Why Seals Fail and What To Do About It


Light leaks, sound leaks, water leaks… Even small leaks compromise the integrity of a window or door with consequences ranging from a higher energy bill to catastrophic water damage. Leaks, of course, occur when a gap forms between the gasket and the frame, and there are many ways this can happen. 

Sometimes, the gasket has shrunk due to age. Every seal will eventually show signs of aging, though some materials like PVC will exhibit the symptoms sooner than others. Old seals will crack and grow stiff, creating vulnerabilities. 

Thermal cycling speeds the aging process. Certain thermosets and other elastomers are particularly sensitive to thermal stresses and will warp and pull away from the frame when subject to extreme temperatures. Natural rubber, such as silicone, or a thermoplastic elastomer, such as TPV, are preferable choices in systems that are subject to extreme temperatures. It is important to consider the environment of the application when choosing the proper material for a door seal. 

Even the sturdiest seal that can weather all temperatures may allow gaps to form as the frame itself moves and warps. Whether using EPDM, PVC, or TPV, manufacturers must consider the compression set and durometer of the seal. When the frame inevitably shifts, the seal may need to withstand greater compression (in cases where the gap has gotten smaller), or may need to expand to fill a wider gap.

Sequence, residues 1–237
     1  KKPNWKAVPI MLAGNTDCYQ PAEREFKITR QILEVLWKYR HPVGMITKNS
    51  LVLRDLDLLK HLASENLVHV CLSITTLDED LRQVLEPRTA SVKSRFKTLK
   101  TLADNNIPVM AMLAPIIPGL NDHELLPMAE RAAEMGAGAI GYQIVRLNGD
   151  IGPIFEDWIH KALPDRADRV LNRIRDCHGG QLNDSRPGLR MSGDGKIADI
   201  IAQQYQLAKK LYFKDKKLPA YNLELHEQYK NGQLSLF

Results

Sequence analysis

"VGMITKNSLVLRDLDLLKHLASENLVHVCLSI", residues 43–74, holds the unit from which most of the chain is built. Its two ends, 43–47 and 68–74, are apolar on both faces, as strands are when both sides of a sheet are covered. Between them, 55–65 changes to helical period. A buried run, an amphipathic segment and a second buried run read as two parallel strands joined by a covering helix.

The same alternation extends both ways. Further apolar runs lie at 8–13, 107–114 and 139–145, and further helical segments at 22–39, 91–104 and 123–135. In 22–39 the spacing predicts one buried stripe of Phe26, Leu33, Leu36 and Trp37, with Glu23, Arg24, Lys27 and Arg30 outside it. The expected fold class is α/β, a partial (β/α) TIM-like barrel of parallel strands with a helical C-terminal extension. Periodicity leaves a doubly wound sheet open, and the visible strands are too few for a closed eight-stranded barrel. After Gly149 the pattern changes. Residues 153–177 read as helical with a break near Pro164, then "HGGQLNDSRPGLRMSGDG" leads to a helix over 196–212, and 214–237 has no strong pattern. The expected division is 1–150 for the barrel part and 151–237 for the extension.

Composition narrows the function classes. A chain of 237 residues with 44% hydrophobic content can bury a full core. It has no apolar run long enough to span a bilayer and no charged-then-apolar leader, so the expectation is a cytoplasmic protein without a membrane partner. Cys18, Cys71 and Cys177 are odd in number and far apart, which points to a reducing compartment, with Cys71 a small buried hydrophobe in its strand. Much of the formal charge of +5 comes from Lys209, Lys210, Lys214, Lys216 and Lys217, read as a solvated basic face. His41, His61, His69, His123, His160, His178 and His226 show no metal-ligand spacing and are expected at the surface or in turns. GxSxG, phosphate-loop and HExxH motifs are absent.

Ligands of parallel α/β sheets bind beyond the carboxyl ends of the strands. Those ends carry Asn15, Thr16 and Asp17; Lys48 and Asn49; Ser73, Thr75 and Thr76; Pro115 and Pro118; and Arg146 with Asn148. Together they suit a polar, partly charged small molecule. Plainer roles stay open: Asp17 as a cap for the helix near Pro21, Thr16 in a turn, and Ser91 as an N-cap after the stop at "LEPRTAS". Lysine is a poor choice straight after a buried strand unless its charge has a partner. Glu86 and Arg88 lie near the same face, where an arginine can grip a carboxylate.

It's an Eyesore

For luxury commercial and residential buildings in particular, aesthetic failure can be as costly to business as performance failure. The visual focus should be the architecture, not the gaskets. While a quality seal provides a luxe contour at its most visible, a failed seal is obtrusive and ugly. 

Old seals made from cheap material will appear dry and shriveled. Exposure to sunlight and moisture can fade and stain colors. Warped gaskets pull away from the frame and become conspicuous blemishes that ruin a clean, professional aesthetic. 

 Window and door manufacturers should request a thorough design review from the seal manufacturer before gasket extrusion. A proper examination of a system and application environment will help to produce a seal that will look new for as long as possible.


Complete Failure


Building owners will sometimes ignore a slight thermal leak or a hidden water stain on a seal, but some problems demand immediate attention. A window can irreparably crush a gasket with poor design. Improper installation, cheap material, and weak adhesion can all lead to potential damage and costly repairs. 

A door seal is like a pinky toe. It’s out of sight out, out of mind… until it breaks. That’s why Reed Rubber Products engages in a careful design review process with all our projects. We ask thorough questions and review every detail to ensure that our customers’ customers don’t even think once about window or door seals. 


The best designed seal can look shabby in five years if the material is not perfectly suited to the application. There is no one-size-fits-all solution for window or door seals. TPV, PVC, and EPDM are all frequently used materials for extruded seals, and it is important to discuss the specific application with a trusted seal supplier to ensure that you have the best material for your system. PVC is often chosen for easy color-matching but is considered a poor choice if the application is going to be exposed to temperature extremes. Warm temperatures will accelerate aging in PVC and may lead to warping within the channel. EPDM is a popular cost-effective choice with good elasticity but will generally age at an expedited rate in cold temperatures.

See the results of a heat aging test comparing PVC and TPV